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Weather Forecast: The Rest of 2015

For the final Crop and Pest Report of 2015, instead of analyzing the weather for the next week, I thought I would summarize how similar patterns, both atmospherically and oceanically did in the past (analogs) to what is occurring globally at this time.

Weather Forecast: The Rest of 2015

For the final Crop and Pest Report of 2015, instead of analyzing the weather for the next week, I thought I would summarize how similar patterns, both atmospherically and oceanically did in the past (analogs) to what is occurring globally at this time.  Both spring and autumn are the most difficult seaons to project because the atmosphere is transitioning away from the yearly extreme season of summer and/or winter.   Weather patterns are ever changing, but atmospheric patterns are a bit more likely to not alter widely during the warm and cold seasons as they do in the interim seasons.  This autumn like many others is expected to jump from from strong positive to negative temperatures anomalies and in between these periods being the timeframe for the higher probability of widespread precipitation to occur.   

The temperature and precipitation this region experience in the next 6 months will likely be influenced to some degree by the El Nino currently occurring in the equatorial Pacific Ocean.  Too often this one influence is over emphasized and as a reminder there are many variables even under a strong El Nino that will and do influence long term trends in the atmosphere.  The projections for the next few months are what occurred during analog years where ocean patterns (Figure 1) as well as other atmospheric variables were close to what is presently occurring around the world.wthr.1

Based on comparable years in the past, with some of those years double weighted based on stronger similarities to current global conditions (strong El Nino, positive Pacific Decadal Oscillation, etc.), the 91 days from September 1 through November 30 favor a near normal temperature finish with above average precipitation especially across northern North Dakota and northwestern Minnesota in particular.  Of course, “normal” in our climate means the average of many extremes, therefore, a month by month analog summation is given in Figures 2 through 9.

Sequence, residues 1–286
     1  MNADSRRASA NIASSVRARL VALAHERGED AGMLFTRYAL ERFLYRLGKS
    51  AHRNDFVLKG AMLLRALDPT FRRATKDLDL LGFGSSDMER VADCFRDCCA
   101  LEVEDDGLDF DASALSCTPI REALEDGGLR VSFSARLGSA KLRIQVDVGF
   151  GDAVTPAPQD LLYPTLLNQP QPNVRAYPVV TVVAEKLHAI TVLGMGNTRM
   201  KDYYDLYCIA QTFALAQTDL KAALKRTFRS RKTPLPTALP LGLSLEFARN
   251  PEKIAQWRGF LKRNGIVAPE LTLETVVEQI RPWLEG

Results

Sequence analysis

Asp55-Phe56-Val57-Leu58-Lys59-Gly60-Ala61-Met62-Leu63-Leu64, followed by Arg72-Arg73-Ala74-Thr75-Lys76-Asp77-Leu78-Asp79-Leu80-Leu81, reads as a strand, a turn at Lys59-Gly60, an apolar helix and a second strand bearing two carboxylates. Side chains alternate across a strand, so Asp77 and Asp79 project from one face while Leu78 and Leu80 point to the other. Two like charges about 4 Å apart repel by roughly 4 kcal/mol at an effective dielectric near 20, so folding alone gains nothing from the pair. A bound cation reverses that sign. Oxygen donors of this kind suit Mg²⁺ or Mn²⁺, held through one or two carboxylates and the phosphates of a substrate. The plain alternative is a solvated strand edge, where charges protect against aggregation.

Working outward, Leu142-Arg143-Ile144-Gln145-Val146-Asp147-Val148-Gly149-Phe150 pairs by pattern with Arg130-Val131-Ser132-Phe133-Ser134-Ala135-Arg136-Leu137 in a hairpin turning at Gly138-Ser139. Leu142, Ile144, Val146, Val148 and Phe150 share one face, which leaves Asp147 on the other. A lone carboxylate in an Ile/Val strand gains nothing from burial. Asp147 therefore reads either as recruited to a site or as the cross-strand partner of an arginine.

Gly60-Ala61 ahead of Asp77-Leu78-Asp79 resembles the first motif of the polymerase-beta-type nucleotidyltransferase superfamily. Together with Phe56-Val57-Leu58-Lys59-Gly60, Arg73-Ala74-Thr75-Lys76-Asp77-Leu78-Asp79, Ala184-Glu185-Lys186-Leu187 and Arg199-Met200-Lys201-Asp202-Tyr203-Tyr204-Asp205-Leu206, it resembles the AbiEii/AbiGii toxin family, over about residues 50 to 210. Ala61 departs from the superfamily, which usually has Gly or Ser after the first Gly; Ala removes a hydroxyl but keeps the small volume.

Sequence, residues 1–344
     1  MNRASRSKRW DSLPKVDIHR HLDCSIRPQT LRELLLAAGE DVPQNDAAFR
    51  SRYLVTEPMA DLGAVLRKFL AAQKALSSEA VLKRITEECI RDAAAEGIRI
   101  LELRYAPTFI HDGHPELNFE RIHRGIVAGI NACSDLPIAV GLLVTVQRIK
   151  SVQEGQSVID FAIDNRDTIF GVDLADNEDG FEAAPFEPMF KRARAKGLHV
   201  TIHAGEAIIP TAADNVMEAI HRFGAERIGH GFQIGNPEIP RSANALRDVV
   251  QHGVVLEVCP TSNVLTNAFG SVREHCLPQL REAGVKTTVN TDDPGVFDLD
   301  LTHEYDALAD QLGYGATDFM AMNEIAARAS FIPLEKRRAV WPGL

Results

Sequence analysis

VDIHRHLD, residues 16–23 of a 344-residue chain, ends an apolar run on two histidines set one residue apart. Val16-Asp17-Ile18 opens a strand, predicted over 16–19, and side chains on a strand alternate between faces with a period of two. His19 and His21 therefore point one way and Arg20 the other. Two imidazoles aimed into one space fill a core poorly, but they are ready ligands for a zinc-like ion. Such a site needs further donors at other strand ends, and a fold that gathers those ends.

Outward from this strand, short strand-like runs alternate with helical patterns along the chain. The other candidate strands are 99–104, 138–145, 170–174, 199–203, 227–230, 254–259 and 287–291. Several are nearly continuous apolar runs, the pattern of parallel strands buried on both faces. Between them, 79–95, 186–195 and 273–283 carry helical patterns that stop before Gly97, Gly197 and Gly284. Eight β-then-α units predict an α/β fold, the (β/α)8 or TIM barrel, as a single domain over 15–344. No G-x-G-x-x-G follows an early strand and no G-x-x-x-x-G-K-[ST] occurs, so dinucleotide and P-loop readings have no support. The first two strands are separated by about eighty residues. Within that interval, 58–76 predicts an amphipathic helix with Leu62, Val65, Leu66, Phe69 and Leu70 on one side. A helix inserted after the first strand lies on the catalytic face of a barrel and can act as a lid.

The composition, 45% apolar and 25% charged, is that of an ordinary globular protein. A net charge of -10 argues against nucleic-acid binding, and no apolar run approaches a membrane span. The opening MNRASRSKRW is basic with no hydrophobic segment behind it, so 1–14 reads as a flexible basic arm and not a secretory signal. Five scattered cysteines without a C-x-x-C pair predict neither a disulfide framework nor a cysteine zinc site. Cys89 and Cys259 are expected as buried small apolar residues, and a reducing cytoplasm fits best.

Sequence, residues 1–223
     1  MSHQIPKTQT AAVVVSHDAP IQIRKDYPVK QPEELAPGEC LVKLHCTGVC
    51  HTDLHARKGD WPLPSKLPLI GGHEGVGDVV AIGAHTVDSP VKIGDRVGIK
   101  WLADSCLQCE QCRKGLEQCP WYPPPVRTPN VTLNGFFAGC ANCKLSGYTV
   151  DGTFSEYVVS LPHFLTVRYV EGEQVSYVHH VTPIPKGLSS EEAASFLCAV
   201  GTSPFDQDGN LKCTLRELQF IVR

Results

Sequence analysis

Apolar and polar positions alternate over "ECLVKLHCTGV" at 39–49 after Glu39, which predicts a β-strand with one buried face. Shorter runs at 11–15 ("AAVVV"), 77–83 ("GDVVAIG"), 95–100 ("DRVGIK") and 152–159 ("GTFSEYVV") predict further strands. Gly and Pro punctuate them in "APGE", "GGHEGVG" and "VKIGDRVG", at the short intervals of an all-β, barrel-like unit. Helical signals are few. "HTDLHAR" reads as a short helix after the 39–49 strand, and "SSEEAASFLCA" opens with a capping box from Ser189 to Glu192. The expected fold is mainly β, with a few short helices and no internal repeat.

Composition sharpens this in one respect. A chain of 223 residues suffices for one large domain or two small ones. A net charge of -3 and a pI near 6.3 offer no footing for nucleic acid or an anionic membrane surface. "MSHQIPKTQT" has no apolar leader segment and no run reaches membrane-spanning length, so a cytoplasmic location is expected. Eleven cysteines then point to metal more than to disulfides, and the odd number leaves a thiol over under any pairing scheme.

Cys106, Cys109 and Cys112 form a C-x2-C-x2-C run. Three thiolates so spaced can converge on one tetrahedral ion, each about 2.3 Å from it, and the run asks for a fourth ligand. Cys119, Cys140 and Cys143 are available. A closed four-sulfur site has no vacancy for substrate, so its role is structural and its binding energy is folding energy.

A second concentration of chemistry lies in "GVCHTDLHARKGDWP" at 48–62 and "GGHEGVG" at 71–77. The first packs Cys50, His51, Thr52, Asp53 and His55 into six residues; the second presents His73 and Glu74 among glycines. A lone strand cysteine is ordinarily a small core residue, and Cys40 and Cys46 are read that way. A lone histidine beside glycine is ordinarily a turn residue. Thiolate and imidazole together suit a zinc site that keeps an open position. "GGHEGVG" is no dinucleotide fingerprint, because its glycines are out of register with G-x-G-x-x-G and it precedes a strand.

In quick summation, the analogs used suggest:

September being close to or a bit below average for temperatures, wetter than average north.  The Labor Day weekend rains which brought widespread heavier rain to northern North Dakota are some indication that the past analogs for the month are a good match for this year.  Not suggested in the graphics, but the first widespread frost risk may occur around September 20-22.  October, near average temperatures, but wet, especially the first half of the month.  November leaning cooler than average east, touch warmer in the west, with near average precipitation.  As a bonus month, the past analogs suggest a very mild December (by our standards) with near average precipitation.  I will continue to give updates on my blog, www.ndsu.edu/ndawnblog for those that are interested. 

As a reminder, these are based on analogs and other techniques and does not necessarily constitute a forecast but instead gives a perspective to what occurred in the past that may give hints to the weather patterns coming up this autumn.

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Daryl Ritchison

Assistant State Climatologist/Meteorologist 

(701-231-8209) Twitter: @darylritchison


This site is supported in part by the Crop Protection and Pest Management Program [grant no. 2017-70006-27144/accession 1013592] from the USDA National Institute of Food and Agriculture. Any opinions, findings, conclusions, or recommendations expressed are those of the website author(s) and do not necessarily reflect the view of the U.S. Department of Agriculture.

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